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As Harvard College tears down financial barriers to entry, its low-income students say they still wonder if they have a place inside the Ivory Tower.
Though Final Clubs, fraternities, and sororities are long-standing staples of the Harvard social scene, their presence is anything but static. Last year, sorority Alpha Phi set down its roots in Cambridge, while fraternity Kappa Sigma reinstated its Harvard chapter last week after an eighty-year hiatus. FM digs into the archives to create a chronology of Harvard’s dynamic Greek life.
With the holidays just around the corner, winter cheer has begun to parade across campus, and yet anxiety as to what to get your Secret Santa abounds. This year, to help you brainstorm what to get your gift exchanging boo, FM imagines what members of certain student groups on campus give each other.
The Delphic Trust, which operates the Delphic Club, has filed a civil action suit against the President and Fellows of Harvard College and a construction company—Shawmut Woodworking & Supply, Inc.—for negligence and nuisance, according to court proceedings released by the Middlesex Superior Court.
A few weeks ago, the Harvard administration announced some unsettling news. After a lengthy search, a donor for the long-proposed student center had finally been secured. Though construction won’t start on the building for quite some time, the center will likely feature large spaces that can be used for parties, events, and lectures, as well as smaller areas for less formal gatherings.
On Sept. 28, disorderly conduct prompted police to ask Administrative Board Secretary John “Jay” L. Ellison to intervene at the Owl Club, pictured above.
Nearly two weeks after Cambridge police asked Secretary of the Administrative Board John “Jay” L. Ellison to help them respond to disturbances at several final clubs, Ellison said in an interview on Thursday that his role in such incidents is not to discipline students, but rather to prevent further harm.
Final clubs for Harvard men date back to 1791, but final clubs for women at Harvard didn’t emerge until a full 200 years later, in 1991. Though less institutionalized and established than their male counterparts, female final clubs have significantly impacted Harvard’s social scene in their two decades of existence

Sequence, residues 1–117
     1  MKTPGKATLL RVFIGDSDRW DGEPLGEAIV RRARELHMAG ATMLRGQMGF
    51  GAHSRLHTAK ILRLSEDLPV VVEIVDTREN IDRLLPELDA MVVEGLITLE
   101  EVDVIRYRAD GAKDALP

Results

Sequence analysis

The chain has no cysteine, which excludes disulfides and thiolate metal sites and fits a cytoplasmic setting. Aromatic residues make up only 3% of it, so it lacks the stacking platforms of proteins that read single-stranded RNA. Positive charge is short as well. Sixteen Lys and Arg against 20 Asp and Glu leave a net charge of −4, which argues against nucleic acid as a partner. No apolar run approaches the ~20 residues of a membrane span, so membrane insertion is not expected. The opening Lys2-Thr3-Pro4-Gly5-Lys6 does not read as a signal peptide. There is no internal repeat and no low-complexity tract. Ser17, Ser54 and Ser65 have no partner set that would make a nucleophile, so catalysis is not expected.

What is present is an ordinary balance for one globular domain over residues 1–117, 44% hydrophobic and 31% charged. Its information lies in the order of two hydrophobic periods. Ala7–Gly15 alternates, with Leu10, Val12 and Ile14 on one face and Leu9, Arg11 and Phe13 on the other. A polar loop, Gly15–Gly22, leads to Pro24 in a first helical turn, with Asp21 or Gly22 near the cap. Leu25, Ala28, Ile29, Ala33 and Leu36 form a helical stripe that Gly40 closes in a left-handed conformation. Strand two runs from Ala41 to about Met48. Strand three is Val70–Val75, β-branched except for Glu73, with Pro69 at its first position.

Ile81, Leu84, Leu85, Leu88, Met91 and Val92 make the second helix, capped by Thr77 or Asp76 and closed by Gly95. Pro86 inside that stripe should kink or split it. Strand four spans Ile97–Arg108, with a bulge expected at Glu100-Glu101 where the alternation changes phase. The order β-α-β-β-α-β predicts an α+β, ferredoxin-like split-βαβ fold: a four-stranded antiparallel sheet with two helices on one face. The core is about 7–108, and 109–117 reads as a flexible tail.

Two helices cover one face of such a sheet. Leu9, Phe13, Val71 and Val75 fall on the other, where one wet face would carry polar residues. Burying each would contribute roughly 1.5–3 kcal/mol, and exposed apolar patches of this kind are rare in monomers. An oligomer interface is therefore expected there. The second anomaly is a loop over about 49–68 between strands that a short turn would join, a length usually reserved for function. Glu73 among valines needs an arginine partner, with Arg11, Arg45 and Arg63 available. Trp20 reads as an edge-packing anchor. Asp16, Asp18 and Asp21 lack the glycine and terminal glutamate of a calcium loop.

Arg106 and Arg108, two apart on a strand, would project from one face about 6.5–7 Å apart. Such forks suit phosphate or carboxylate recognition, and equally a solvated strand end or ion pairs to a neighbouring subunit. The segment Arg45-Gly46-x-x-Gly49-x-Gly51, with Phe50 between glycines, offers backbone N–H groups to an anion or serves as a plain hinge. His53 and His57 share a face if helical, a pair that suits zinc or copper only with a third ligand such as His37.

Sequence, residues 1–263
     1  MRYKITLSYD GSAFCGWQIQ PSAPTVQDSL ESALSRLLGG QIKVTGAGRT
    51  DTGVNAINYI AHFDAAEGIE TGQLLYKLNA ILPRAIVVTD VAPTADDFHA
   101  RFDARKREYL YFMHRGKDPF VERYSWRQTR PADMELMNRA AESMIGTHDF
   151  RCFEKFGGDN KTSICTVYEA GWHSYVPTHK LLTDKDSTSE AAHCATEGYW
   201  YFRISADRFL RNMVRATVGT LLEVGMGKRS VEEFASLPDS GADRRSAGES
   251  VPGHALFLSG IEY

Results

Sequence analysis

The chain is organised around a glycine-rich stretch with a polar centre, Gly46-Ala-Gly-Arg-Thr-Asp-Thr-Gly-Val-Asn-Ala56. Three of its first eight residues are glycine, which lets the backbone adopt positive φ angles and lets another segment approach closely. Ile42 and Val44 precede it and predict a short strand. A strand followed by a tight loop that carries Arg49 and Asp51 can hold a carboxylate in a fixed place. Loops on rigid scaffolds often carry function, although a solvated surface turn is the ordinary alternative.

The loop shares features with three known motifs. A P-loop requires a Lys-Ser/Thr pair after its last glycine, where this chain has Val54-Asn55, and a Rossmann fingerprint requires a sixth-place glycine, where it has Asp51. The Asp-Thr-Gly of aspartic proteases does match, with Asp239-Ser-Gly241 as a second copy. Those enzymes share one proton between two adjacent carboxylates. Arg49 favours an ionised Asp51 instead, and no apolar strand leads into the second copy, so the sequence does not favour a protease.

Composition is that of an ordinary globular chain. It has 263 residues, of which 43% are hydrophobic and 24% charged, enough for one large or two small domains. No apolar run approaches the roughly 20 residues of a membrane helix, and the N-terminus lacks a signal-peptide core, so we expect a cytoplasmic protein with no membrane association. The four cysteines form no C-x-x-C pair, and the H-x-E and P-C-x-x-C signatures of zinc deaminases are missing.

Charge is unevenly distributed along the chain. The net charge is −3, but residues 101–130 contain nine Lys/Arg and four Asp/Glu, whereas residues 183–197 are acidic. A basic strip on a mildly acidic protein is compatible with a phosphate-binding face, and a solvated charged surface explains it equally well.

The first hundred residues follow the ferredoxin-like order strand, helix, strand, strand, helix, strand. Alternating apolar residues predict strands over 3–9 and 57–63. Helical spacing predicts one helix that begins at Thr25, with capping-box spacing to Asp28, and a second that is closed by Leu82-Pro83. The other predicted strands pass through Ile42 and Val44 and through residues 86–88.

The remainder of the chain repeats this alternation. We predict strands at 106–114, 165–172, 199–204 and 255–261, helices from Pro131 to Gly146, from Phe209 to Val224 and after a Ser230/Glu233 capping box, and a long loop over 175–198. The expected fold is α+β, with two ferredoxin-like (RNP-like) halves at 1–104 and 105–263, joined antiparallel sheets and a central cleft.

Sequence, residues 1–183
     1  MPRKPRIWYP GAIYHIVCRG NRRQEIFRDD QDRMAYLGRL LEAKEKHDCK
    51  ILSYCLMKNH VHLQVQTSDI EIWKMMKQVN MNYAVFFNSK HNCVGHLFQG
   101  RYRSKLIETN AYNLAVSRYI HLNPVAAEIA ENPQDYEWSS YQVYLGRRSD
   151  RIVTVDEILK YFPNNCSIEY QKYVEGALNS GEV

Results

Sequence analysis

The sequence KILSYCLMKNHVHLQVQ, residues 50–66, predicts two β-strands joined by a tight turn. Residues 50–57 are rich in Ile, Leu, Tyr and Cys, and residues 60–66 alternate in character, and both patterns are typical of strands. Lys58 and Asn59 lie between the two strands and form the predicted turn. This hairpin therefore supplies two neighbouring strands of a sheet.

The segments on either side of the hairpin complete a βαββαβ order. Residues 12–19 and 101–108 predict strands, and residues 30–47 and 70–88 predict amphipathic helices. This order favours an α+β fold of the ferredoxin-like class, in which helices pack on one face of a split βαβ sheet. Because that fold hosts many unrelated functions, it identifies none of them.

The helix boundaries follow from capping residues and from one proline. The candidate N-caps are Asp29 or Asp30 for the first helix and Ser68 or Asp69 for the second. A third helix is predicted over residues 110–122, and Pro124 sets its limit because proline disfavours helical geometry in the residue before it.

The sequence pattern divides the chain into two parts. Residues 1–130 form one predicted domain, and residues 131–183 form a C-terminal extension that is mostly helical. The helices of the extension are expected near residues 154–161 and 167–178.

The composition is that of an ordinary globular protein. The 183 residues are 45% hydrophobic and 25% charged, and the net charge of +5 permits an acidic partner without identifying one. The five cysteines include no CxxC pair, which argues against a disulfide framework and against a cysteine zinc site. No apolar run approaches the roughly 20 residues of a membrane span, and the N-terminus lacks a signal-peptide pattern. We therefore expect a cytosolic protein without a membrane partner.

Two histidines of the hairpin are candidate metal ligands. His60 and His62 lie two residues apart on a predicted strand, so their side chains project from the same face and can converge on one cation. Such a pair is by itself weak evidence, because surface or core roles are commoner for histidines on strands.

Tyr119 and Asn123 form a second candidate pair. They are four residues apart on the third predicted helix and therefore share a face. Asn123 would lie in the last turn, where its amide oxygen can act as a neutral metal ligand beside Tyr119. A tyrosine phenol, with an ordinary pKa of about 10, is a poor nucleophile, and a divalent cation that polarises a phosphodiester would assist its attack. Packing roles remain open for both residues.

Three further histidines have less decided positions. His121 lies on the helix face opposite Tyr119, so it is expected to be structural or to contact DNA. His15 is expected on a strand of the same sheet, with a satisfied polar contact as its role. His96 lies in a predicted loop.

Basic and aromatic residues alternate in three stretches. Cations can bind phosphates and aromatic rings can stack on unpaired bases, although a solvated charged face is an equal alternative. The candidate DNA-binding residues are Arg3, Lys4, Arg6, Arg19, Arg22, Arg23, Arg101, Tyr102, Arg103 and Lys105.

Dean of the Faculty of Arts and Sciences Michael D. Smith (far left) held a discussion with students regarding the next Dean of the College in Lowell House.
Oh no! Disaster has struck. You’ve been punched by all the final clubs, you stud. Tough decisions are coming up as you’re trying to decide not only your concentration (economics), but also which final club is the right fit. We’re here to make your life easier, because your dad’s personal assistant can’t make all your decisions for you.
Undergraduates who attended Wednesday night’s open forum urged Faculty of Arts and Sciences Dean Michael D. Smith and members of his search committee to choose a new College Dean who will be attentive to the idiosyncrasies of the Harvard social scene.
What role do Harvard’s final clubs play on campus? Do they represent the worst in a culture of elitism or are they perfectly legitimate institutions whose social events and spaces are a positive presence on campus? Clearly, campus opinion is divided on these questions. But how does that divide actually break down?
With punch season now in full swing, it’s time to present the results of Flyby’s first-ever Final Club Survey. The online survey was emailed out last month to 4,838 sophomores, juniors, and seniors, and was partially or fully completed 1,927 times (though it should be noted that individuals could have taken the survey more than once). In the fifth installment of a six-part series on the survey results, we take a look at perceptions related to the social scene at Harvard’s final clubs.